It’s my first day back at work after the Christmas holidays and I’m catching up on my administration. Whilst working through a pile of unread IT news I realised that late last year, in amongst all of the Windows Vista launch news and comment, I missed Windows’ 21st birthday. Whilst I don’t intend to turn this blog into a history of personal computing, I’ve previously noted significant anniversaries (35 years of the Internet, 30 years of Microsoft, 30 years of Apple, 15 years of the world wide web and 25 years of the IBM PC) and as Microsoft Windows has had such a huge impact on my computing life it seems that this is another birthday that should not pass un-announced. For those who are interested to read why this is so significant, Martin Veitch wrote an interesting article about Windows’ 21 eventful years in IT Week recently.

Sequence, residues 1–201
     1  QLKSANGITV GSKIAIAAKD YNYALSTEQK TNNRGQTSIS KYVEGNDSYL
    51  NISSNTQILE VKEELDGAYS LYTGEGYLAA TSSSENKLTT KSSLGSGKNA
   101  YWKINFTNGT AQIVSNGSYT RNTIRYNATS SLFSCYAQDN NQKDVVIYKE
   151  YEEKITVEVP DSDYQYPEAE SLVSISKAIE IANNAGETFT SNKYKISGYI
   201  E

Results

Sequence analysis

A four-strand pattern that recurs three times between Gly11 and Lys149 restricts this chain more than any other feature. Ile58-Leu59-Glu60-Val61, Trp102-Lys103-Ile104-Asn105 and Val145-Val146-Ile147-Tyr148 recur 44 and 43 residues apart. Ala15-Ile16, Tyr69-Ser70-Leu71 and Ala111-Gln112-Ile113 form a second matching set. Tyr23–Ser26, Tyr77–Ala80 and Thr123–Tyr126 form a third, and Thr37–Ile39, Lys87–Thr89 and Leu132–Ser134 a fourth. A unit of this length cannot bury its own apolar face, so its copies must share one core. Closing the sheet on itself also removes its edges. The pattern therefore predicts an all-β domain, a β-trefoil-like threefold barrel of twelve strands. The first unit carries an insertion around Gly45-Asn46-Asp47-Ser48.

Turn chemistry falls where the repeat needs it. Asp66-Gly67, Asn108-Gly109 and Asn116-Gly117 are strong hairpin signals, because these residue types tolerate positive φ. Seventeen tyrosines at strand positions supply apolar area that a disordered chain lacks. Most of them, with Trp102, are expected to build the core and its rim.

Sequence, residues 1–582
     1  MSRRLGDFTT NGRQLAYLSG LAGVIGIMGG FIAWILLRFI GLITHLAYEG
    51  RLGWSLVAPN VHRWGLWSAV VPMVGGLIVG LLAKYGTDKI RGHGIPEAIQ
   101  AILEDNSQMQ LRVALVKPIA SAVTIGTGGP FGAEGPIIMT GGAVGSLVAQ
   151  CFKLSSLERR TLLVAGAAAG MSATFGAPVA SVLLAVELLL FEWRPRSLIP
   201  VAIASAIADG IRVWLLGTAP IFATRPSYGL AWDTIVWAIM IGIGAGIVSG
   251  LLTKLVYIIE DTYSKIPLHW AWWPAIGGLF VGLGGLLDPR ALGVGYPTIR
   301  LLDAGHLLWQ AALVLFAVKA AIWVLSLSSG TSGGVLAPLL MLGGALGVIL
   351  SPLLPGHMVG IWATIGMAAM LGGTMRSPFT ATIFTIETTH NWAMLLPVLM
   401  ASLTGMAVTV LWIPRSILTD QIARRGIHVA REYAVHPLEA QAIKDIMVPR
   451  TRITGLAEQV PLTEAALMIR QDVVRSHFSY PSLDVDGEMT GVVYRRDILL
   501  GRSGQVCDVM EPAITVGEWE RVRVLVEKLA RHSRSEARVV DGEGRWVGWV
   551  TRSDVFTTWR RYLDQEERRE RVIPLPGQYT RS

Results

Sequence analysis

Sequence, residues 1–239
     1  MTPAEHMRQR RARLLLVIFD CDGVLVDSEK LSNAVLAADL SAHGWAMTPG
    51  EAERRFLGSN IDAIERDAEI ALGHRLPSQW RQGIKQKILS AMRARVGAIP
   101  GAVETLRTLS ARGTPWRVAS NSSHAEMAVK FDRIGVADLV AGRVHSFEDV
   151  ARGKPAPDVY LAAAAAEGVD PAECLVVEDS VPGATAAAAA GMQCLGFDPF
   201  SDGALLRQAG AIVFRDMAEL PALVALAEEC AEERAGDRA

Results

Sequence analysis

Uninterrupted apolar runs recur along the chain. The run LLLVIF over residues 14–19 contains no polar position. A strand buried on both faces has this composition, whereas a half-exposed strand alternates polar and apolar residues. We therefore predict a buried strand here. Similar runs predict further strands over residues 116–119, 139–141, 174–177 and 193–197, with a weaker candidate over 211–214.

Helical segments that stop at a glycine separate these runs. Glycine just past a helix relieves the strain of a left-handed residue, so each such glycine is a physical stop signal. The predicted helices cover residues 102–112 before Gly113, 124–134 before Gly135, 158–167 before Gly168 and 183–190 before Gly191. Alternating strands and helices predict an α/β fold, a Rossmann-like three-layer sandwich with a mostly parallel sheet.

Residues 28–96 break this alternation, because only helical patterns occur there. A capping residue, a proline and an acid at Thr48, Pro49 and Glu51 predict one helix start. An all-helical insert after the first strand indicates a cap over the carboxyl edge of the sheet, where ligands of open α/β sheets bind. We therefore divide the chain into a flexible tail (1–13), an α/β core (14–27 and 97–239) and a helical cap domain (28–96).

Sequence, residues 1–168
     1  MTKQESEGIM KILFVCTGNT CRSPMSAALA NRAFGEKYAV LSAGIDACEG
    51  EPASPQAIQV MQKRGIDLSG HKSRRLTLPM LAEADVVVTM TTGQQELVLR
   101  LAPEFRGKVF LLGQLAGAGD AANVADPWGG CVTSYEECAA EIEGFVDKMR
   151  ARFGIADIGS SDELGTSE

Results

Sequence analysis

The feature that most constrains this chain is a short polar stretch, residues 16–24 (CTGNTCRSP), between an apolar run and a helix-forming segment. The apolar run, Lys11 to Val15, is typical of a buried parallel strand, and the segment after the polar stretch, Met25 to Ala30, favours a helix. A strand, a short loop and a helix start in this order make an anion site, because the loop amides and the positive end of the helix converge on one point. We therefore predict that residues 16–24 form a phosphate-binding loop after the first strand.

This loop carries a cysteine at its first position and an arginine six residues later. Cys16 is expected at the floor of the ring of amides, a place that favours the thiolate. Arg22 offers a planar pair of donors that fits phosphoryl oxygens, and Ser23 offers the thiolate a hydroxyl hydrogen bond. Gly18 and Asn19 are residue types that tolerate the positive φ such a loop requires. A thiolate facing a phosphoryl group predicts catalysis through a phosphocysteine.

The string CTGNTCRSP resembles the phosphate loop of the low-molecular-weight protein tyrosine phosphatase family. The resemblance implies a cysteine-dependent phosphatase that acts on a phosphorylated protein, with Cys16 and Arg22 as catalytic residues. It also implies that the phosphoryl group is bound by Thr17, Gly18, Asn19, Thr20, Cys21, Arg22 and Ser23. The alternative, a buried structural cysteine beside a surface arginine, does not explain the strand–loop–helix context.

The IBM PC – 25 years old today

After reporting on the 15th anniversary of the world wide web earlier this week, there’s another important milestone in computing history to highlight today – the 25th birthday of the original IBM PC – the 5150.


Whilst the 5150 was not the first personal computer, the use of components that were available to other manufacturers led to the development of IBM-compatible PCs and today’s PCs and PC servers are direct descendents from the original IBM PC, albeit much more powerful than the 4.77MHz Intel 8088 with between 16 and 640KB of RAM.

Amstrad PPC640